Hacking happens every second of every day. So reported Pieter Geldenhuys, Director of the Institute for Technology, Strategy and Innovation at a Glacier webinar titled Protecting your practice in a digital world. He offered some insights into what cybercrimes are trending and how you could beef up your digital security, which is the critical step in protecting your data and practice.
Knowledge really is power in the cyberwar
The first step to crime prevention is knowing who is likely to attack you and how they will do it. Pieter lists three types of hackers and many types of attacks.
White hats are hackers employed by a company or organisation to test their security by intentionally hacking and finding weaknesses. Gray hats are external hackers who create digital problems for the organisation and then offer their consulting services to fix the problem. Black hats are hackers with nefarious objectives and malicious intent.
The list of types of attacks is alarming and warrants attention. These include malware, phishing, password attacks, distributed-denial-of-service (DDOS) attacks and machine-to-machine attacks. One of the most common of these attacks is malware, which Google defines as a catch-all term for any type of malicious software designed to harm or exploit any programmable device, service or network. Malware takes various forms – electronic worms, spyware and viruses, and obviously none of these are good news for your computer system or data. Pieter recommends the following ways to mitigate malware:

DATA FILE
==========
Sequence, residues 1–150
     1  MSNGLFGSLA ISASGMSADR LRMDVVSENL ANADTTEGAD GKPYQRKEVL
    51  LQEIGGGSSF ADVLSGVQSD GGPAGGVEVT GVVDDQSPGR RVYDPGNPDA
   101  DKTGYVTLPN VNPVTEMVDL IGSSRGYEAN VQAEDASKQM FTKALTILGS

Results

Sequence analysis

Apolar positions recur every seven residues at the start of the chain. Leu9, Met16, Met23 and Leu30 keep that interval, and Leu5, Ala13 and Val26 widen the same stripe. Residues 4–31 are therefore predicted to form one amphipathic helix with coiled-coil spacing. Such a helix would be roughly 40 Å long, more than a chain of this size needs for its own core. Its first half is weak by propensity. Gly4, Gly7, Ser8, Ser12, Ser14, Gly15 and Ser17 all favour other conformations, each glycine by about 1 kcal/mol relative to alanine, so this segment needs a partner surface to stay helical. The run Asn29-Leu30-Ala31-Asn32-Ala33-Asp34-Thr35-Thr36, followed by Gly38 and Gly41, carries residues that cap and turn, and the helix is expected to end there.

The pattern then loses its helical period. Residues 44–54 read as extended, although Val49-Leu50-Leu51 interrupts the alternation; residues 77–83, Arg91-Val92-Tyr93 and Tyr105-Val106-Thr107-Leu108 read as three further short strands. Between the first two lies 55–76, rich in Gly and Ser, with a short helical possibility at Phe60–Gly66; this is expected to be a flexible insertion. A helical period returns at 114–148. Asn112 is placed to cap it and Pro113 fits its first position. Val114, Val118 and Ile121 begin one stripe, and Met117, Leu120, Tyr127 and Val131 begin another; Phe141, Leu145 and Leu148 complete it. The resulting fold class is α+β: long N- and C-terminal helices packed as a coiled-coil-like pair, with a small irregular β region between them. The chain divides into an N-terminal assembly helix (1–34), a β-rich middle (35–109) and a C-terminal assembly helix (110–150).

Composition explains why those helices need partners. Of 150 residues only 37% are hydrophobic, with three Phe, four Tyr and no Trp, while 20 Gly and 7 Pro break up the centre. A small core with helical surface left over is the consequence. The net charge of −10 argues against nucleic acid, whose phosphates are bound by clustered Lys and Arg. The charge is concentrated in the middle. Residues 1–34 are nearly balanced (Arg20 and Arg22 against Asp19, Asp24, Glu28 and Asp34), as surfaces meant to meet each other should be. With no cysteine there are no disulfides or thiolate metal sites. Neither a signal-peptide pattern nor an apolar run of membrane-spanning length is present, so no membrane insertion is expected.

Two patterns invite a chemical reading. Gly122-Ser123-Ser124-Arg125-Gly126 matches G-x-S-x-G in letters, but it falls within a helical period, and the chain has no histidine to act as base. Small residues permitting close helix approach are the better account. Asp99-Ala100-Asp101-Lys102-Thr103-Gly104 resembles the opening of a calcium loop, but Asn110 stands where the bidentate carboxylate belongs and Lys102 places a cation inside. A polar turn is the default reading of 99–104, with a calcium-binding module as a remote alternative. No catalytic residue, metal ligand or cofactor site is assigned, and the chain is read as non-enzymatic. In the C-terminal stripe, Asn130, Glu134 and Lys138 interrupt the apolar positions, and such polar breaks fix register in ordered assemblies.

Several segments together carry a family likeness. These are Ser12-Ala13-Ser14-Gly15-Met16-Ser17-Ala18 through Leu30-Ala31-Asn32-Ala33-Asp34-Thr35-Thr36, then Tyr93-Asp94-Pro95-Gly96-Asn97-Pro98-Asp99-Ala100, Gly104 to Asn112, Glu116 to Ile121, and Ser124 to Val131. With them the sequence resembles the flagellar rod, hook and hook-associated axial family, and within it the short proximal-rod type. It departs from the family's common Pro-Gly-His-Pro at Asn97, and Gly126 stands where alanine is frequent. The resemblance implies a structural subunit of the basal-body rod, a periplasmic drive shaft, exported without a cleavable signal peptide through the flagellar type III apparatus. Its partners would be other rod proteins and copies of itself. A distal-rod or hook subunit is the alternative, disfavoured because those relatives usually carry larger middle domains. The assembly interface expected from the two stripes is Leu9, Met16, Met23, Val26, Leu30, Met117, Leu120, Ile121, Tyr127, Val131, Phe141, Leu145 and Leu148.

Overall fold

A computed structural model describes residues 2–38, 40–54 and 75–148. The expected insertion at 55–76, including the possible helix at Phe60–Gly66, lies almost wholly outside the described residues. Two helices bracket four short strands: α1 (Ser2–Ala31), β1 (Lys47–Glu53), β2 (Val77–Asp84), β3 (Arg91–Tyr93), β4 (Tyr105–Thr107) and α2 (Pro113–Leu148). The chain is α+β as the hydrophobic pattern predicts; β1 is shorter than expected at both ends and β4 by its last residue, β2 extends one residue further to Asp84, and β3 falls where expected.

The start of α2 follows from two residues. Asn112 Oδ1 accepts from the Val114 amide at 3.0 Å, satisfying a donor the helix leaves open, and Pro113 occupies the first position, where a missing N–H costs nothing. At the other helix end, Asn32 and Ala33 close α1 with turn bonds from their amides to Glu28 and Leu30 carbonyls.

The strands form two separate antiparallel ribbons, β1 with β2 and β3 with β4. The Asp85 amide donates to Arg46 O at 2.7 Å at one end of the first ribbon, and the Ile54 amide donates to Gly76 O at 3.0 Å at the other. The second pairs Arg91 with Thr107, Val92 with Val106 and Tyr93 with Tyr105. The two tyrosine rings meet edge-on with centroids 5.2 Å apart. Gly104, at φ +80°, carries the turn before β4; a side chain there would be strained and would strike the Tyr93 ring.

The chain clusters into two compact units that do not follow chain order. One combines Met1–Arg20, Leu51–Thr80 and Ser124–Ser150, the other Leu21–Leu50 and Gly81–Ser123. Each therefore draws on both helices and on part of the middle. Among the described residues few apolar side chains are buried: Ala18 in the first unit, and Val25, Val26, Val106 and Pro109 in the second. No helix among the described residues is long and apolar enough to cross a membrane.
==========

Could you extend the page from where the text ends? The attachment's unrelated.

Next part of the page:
- router firewalls
- software updates
- computer firewalls
- anti-virus software.
To err is human
Pieter points out that the biggest threat on the dark web is social engineering, meaning that human error trumps firewalls, encryption and anti-virus software. If you are not on guard and consciously wiser than hackers and scam artists, your firewalls won’t protect you, your data or your money.
Here are some of Pieter’s tips to mitigate cybercrime:
- Let’s not go phishing. The point of phishing scams is to access your personal information like usernames and passwords, banking pins and so forth, with the simple goal, ultimately, to steal your money. This means that you need to be circumspect about the emails you open, the information you provide over the telephone to a supposed ‘bank call centre’ or a company you don’t remember contracting with. Banks and companies will not ask you for pins and personal information over the phone. If you are their customer, they already have your information. Also, they will never ask you for the OTP that usually appears in an SMS on your phone. Regarding unexpected or unknown emails, check that the email address really is from the company you suppose it is.
- Don’t re-use passwords across the internet. This is the most common mistake and renders many scammers successful in accessing your data. Also, don’t record your list of passwords on your computer. Passwords managers provide a safer way to save them.
- If you’re a company or online business, monitor and analyse your traffic. This also could mean limiting international hits on your website, which could mitigate denial-of-service attacks.
- Check if you had a data breach at haveibeenpwned.com. Know if your passwords have been pwned by checking the lists of usernames and passwords on this website. There are billions of usernames and passwords that are ‘open’ for breach on the internet. Is yours one of them?
- Make multi-factor authentication (MFA) your norm. Google defines MFA as a user having to provide two or more pieces of evidence to verify their identity to gain access to an app or digital resource. MFA goes a long way in ensuring access security.
- Choose resilience over robustness in your digital security. Don’t focus on one kind of security authentication methodology that offers 99.9% security. Rather use multiple methodologies that offer 90%.
- Be aware of your vulnerability when using public Wi-Fi. Make sure that the website you log onto starts with https:// and use a virtual private network (VPN) that can be activated on your phone and that can encrypt your data.